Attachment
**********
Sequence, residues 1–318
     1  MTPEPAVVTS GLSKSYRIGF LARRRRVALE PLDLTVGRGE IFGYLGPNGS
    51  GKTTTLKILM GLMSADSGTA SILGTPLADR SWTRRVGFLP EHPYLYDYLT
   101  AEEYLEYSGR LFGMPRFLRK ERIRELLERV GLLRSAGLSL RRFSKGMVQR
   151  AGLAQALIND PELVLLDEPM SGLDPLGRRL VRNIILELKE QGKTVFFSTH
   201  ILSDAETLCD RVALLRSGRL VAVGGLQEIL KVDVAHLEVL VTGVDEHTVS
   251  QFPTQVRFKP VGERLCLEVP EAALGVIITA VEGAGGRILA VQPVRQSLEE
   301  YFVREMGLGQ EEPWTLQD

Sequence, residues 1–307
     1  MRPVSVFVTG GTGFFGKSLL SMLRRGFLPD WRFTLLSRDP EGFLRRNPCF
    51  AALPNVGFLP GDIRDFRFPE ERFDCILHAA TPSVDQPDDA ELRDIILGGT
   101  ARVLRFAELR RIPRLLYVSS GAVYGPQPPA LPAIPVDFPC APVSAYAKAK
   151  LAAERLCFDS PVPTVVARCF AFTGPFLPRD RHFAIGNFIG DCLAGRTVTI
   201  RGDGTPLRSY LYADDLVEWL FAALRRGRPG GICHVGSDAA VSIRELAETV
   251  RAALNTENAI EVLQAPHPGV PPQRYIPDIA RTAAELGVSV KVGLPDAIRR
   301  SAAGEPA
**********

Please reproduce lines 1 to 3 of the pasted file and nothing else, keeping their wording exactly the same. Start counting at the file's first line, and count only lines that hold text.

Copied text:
Sequence, residues 1–318
     1  MTPEPAVVTS GLSKSYRIGF LARRRRVALE PLDLTVGRGE IFGYLGPNGS
    51  GKTTTLKILM GLMSADSGTA SILGTPLADR SWTRRVGFLP EHPYLYDYLT